COVID-19 is causing some of this year’s high school graduates to alter their plans.

Dominic Stossel had planned to attend Yukon University in Whitehorse this fall, but starting school has been put on hold.

“The university said, ‘Let’s put off your enrollment until the spring semester,’” Stossel’s mother, Amanda Randles said.

Canada has a low COVID-19 case count compared to the United States (122,000 compared to over 5 million) and has, in general, been more conservative when it comes to mitigation measures, which has complicated the process for U.S. freshmen who planned to enroll in Canadian schools.

Randles said the plan is to have Stossel check back with the university in November to see if spring enrollment will be possible. In the meantime, he is living at home and taking online education courses, unaffiliated with the college.

Unlike Stossel, many graduates planning to attend college in the U.S. were given the option of delaying, taking courses online or attending in person.

Graduate Megan Whitermore said she would have started attending University of Alaska Southeast (UAS) in person this fall if not for COVID-19. Now, she plans to do her first semester online.

Whitermore said after seeing all the mitigation measures in place for students attending in person, she decided it made more sense to take classes online. Having taken a few online courses through the University of Alaska this spring, she realized she enjoyed the format.

“I liked that you could kind of make your own schedule,” Whitermore said, adding that the platform UAS uses for its online classes was really intuitive. For now, her plan is to spend most of the fall semester living with friends in Juneau, so she has the option of supplementing online courses with face-to-face meetings with professors.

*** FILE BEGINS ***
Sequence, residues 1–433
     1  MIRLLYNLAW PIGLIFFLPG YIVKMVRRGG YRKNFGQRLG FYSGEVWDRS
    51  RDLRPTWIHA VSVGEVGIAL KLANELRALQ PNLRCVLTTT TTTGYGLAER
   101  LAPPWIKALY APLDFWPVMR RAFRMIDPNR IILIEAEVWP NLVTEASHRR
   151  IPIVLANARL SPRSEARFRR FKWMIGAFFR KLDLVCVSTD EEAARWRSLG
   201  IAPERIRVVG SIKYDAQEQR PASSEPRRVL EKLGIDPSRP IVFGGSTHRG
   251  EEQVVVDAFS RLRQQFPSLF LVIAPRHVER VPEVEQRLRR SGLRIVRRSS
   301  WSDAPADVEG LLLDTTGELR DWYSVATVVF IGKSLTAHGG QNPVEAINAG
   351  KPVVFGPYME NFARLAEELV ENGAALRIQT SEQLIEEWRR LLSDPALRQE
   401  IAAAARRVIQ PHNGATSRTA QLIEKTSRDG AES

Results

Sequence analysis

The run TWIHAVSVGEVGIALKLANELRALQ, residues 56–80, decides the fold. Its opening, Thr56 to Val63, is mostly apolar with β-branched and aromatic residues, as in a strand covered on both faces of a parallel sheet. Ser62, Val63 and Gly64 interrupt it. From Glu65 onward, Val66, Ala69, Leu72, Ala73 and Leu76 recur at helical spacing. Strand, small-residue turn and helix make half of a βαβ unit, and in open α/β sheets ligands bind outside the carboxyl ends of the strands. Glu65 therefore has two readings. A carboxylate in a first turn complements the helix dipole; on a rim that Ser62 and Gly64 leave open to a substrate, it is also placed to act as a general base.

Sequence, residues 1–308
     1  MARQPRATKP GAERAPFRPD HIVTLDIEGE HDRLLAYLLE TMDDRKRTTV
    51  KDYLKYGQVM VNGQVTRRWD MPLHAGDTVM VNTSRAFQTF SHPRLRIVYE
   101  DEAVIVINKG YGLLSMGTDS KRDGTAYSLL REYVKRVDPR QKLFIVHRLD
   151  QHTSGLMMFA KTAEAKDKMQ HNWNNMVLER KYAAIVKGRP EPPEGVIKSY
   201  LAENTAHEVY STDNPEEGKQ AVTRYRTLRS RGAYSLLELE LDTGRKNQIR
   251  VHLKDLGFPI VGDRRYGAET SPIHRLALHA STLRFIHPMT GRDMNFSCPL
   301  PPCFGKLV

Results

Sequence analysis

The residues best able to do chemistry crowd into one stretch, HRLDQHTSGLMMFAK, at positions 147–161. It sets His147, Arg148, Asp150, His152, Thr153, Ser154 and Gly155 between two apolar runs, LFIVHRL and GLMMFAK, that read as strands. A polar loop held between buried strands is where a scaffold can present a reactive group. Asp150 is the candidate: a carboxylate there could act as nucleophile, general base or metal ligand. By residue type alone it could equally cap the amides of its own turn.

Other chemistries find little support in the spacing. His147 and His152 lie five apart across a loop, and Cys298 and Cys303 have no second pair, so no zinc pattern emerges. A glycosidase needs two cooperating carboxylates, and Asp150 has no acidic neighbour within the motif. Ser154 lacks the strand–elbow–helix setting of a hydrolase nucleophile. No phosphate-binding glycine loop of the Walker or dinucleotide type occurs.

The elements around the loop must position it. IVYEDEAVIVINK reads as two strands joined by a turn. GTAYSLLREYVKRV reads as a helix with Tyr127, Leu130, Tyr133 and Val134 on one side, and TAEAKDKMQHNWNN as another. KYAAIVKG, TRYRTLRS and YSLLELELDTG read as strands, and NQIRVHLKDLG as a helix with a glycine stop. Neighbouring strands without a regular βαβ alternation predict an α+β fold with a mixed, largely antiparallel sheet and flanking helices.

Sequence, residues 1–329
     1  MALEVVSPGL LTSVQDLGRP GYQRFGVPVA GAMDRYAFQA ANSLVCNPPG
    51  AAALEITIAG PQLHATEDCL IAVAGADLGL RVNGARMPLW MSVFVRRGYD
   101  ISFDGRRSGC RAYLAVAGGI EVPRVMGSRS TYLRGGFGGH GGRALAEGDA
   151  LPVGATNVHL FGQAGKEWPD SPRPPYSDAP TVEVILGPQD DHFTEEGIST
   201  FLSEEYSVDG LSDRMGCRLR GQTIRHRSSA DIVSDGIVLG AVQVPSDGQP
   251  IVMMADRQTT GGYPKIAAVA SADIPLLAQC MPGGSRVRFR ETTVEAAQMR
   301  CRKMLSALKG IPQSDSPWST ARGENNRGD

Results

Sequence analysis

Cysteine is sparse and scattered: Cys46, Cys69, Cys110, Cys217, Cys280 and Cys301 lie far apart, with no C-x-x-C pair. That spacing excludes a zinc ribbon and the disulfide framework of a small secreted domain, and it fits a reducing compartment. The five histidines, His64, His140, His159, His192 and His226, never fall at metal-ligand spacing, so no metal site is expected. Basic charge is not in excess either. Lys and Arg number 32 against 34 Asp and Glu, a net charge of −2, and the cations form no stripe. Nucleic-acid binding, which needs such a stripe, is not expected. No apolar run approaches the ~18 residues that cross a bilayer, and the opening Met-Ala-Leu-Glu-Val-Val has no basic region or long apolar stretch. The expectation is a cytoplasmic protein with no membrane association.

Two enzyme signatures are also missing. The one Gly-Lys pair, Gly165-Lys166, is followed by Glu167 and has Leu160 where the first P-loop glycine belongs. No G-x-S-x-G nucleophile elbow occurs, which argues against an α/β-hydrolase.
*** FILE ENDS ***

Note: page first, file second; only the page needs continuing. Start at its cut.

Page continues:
Whitermore said she knows a semester online will be different from the in-person experience of a campus.

“There are going to be some things I miss out on,” Whitermore said, but she’s hopeful she’ll get to experience campus living down the road. She said she hopes to attend in-person this spring and do a study abroad program in her second year.

Others college-bound graduates have opted for the campus experience, despite restrictive mitigation measures.

Aurora Alten-Huber said her college plans remain the same—go to Bryn Mawr College in Pennsylvania this fall and live on campus. She said the alternatives, online schooling and taking time off, were much less appealing.

“I’m kind of scared that if I take a gap year, it’ll turn into a gap decade and then a gap two decades,” Alten-Huber said. “I didn’t want to do online school because it was the same price, and if I wanted to do (online schooling), I could go in Alaska.”

The reality of living on a college campus this year will look different than it has for students in the past.

“Everybody’s going to be wearing masks all the time. It’s not optional,” Alten-Huber said. “We’re required to keep a booklet of who we’re in contact with, ‘I walked by so and so, maybe I breathed on them.’” Other mitigation measures include limiting dorm rooms to one student and reducing classes sizes.

Alten-Huber is scheduled to leave Haines later this month. She said she has some concerns about leaving, including uncertainty about what happens if she gets COVID-19 on campus. She said so far, it’s been difficult to get ahold of the school to ask these kinds of questions.

For Alten-Huber and other graduates who are opting to attend college in person this fall, the independence and change of scenery campus living offers were strong motivators.

“I just needed to get out of Haines. Maybe I’ll die of the plague, but at least I’ll get out of Haines,” Alten-Huber said.

Sara Chapell said her son Dylan decided early on that he would attend in person if the opportunity presented itself. His school is letting students come to campus but has put in place a number of fairly restrictive safety measures.

“We still feel the benefit of living away from home and getting to know other students with similar goals in person is going to outweigh the disappointment of losing a lot of the traditional first-year stuff,” Chapell said.